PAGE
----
Monthly Archives: December 2014

South Downs Churchill Tank – Sleeping Giant

High up on the South Downs in West Sussex, a short walk from Kithurst Hill car park, surrounded by peaceful fields, wildlife and crops, sits a now silent giant. A beast of a man-made machine.


Over 75 years ago this area of the South Downs, rising above Storrington, Cootham and Parham House would have been a hive of military activity.

South Downs WW2 Tank – HD Video

The following video was shot on 17th May 2015 by myself, an hour before sunset. The audio is very quiet because it can be very quiet in that part of the South Downs National Park. A far cry from back in 1941 / 1942.

The South Downs, with their sparse population back in the 1930s – 1940s were the ideal training grounds for battle ready Canadian troops and their metallic machines.

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Chanctonbury Ring Long Ancient Shadows

The South Downs of Sussex are legendary. People travel for miles to enjoy the rolling hills, chalk cliffs and rich history. The area abounds with tall tales and legends, from Roman Roads to the Devil himself.

I planned a walk from the busy village of Storrington to Chanctonbury Ring, West Sussex and back, some 12.5 miles round trip. I allowed myself 4 hours, as I always take far too many photos along the route.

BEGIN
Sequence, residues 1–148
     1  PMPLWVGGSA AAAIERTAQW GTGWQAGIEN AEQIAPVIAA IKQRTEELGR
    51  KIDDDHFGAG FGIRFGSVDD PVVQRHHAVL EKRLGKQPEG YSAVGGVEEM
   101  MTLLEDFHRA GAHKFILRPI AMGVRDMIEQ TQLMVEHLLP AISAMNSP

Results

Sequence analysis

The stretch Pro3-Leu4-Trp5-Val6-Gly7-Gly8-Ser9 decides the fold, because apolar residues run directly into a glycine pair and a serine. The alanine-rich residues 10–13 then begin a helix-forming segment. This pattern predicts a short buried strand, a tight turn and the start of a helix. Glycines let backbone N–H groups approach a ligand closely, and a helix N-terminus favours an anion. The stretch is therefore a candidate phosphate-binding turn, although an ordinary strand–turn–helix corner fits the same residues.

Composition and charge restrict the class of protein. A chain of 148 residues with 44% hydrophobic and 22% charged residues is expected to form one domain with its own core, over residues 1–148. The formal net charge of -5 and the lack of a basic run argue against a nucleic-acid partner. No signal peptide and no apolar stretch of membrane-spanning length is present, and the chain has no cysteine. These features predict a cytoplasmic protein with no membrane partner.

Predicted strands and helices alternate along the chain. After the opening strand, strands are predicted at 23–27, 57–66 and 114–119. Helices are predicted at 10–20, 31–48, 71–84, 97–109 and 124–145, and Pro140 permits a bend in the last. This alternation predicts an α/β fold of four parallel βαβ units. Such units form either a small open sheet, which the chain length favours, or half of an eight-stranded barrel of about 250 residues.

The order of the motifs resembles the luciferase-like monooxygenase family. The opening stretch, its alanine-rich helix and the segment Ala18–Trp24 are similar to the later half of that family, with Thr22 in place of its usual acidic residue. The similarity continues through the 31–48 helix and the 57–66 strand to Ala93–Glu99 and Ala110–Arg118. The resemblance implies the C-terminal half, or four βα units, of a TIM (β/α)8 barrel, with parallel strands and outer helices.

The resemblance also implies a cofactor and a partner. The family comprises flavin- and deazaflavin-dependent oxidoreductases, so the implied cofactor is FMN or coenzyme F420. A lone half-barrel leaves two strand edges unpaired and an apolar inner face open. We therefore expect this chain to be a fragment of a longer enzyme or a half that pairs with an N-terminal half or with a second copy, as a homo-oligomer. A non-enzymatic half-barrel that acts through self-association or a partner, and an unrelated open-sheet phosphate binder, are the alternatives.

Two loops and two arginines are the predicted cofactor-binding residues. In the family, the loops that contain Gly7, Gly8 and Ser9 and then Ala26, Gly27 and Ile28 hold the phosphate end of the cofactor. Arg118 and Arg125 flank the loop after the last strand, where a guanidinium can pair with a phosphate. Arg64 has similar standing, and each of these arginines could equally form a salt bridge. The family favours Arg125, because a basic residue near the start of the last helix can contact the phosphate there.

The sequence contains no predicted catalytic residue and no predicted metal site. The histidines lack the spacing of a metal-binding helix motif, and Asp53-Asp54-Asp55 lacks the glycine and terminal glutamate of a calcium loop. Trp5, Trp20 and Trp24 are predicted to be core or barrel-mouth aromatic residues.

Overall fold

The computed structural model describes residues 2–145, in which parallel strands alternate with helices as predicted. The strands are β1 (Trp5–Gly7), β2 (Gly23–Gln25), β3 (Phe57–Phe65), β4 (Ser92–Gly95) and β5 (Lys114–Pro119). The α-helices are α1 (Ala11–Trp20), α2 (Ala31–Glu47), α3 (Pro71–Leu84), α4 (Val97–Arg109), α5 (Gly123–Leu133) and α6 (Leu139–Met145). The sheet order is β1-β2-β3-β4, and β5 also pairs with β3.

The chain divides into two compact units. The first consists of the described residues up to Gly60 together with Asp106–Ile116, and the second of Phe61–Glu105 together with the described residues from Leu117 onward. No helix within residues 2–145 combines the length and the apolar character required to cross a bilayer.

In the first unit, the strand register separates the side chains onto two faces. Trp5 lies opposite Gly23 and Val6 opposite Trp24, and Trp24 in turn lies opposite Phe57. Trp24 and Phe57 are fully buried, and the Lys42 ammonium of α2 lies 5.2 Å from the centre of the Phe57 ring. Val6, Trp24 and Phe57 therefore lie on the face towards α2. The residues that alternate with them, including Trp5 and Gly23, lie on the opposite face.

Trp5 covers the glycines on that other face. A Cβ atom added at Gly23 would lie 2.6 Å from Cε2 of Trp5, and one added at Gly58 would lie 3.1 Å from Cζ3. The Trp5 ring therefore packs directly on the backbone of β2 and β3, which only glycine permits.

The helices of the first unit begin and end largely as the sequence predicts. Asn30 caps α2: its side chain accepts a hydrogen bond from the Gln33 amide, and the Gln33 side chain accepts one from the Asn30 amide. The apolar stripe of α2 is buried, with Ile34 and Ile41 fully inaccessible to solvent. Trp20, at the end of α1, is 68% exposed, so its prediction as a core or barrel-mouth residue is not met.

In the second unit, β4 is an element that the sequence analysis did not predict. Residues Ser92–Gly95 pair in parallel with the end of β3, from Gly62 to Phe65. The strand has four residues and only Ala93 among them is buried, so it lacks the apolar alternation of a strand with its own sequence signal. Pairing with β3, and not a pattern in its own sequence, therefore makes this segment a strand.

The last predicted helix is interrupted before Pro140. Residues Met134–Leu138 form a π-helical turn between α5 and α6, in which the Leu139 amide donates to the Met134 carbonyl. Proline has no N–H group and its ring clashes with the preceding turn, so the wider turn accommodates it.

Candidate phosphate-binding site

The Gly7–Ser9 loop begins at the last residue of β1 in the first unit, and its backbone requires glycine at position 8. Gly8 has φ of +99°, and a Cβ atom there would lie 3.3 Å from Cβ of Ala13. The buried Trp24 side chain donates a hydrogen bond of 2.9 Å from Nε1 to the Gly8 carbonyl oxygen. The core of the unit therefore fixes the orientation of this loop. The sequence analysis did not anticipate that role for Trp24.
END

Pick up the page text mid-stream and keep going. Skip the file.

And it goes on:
Storrington River Walk

The morning of my walk, 20th December 2014 was wet and dark, a typical late December day. The weather forecast did offer the promise of sunshine later in the morning. I knew I had limited daylight, the winter solstice being the next day! I packed my South Downs map, a walking pole and wore my hiking boots and not my trail shoes.

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Heading North to The South Downs

I’ve always enjoyed the views from Beachy Head, the famous white cliffs towering over Eastbourne East Sussex. Often confused online with the white cliffs of Dover, some 70 miles further north along the coast. I do find myself making comments online if people have posted images of Beachy Head and labeled them as Dover, Kent!

I don’t mean to be picky but the white-cliffs at Beachy Head are the start / end of the South Downs and indeed the 100 mile walking trail, the South Downs Way. The white-cliffs at Dover are part of the North Downs and, not surprisingly, the North Downs Way loop takes in the location. A subtle but important difference, especially if you have just told your friends to meet you there for a walk.

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